Although most Republicans voted for the resolution, it is shocking that a crazy conspiracy theory is defended by a governing political party in America:
Seventeen Republican lawmakers declined on Friday to support a measure in the House of Representatives that condemned the pro-Trump QAnon movement as a “collection of unfounded conspiracy theories.”
The resolution, which passed nearly unanimously, urged the FBI and intelligence agencies to focus on the threats from fringe conspiracy groups, which have grown in mass as the election has neared. All told, 371 members voted in favor of the resolution—including 225 Democrats and 146 Republicans—and 18 members voted against it. Of those 18, 17 were Republican and one was an independent: Rep. Justin Amash, a libertarian from Michigan.
Hitler would be proud. And, of course, Qanon is anti-semitic:
“QAnon” is a baseless internet conspiracy theory whose followers believe that a cabal of Satan-worshipping Democrats, Hollywood celebrities and billionaires runs the world while engaging in pedophilia, human trafficking and the harvesting of a supposedly life-extending chemical from the blood of abused children. QAnon followers believe that Donald Trump is waging a secret battle against this cabal and its “deep state” collaborators to expose the malefactors and send them all to Guantánamo Bay.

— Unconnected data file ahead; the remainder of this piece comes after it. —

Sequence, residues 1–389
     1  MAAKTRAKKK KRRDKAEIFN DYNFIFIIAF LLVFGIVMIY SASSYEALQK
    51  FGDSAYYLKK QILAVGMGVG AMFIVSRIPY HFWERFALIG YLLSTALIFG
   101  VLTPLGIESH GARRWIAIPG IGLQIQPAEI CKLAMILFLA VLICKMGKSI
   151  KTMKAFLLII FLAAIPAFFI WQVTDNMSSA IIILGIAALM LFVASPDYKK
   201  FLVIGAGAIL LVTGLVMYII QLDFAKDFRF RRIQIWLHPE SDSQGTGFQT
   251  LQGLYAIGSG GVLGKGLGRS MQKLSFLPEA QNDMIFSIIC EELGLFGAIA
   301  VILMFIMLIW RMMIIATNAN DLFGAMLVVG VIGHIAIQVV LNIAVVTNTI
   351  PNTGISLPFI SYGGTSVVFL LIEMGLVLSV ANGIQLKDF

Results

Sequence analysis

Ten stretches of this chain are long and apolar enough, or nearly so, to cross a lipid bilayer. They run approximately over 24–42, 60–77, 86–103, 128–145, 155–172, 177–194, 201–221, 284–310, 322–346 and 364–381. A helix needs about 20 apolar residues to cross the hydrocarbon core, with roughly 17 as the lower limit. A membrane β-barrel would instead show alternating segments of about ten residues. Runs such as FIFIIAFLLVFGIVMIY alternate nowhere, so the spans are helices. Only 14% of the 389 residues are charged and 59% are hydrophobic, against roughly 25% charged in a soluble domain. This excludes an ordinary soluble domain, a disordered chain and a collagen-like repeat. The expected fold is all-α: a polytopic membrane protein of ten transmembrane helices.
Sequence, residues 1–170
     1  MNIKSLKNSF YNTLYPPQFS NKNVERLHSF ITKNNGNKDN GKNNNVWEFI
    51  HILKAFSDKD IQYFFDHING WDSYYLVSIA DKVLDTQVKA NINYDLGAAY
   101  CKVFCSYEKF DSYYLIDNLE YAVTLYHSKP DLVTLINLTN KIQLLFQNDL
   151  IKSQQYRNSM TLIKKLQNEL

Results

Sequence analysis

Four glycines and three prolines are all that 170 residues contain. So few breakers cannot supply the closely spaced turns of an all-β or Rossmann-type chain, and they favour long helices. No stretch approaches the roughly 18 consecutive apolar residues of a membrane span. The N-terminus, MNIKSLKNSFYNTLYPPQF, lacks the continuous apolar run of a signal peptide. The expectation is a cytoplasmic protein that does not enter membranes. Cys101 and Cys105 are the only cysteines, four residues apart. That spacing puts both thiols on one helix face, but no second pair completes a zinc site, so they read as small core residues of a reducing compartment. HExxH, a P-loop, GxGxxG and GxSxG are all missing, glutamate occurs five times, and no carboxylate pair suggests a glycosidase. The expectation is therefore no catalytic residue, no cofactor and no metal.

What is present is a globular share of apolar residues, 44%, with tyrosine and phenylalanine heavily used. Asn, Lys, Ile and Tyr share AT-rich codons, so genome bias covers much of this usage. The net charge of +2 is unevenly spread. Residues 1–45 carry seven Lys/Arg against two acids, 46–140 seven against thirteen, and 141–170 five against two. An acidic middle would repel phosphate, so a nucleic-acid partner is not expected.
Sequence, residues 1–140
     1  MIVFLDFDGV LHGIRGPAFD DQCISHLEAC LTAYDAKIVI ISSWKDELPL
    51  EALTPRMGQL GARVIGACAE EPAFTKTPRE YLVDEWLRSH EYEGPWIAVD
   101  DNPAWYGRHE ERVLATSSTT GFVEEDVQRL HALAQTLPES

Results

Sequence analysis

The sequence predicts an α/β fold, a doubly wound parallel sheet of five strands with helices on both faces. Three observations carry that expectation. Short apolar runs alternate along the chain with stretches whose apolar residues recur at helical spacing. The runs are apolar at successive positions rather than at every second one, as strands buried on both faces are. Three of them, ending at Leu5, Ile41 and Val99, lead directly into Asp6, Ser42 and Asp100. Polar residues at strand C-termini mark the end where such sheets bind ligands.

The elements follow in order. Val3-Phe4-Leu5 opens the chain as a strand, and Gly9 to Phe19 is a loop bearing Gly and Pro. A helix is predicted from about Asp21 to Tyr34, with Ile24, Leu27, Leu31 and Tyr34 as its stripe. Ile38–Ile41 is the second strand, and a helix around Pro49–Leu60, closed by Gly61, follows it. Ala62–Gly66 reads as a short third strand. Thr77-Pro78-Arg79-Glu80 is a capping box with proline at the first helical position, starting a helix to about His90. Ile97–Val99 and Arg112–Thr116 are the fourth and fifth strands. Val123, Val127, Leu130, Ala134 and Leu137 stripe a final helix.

There are many, many threads of the QAnon narrative, all as far-fetched and evidence-free as the rest, including subplots that focus on John F Kennedy Jr being alive (he isn’t), the Rothschild family controlling all the banks (they don’t) and children being sold through the website of the furniture retailer Wayfair (they aren’t). Hillary Clinton, Barack Obama, George Soros, Bill Gates, Tom Hanks, Oprah Winfrey, Chrissy Teigen and Pope Francis are just some of the people whom QAnon followers have cast as villains in their alternative reality.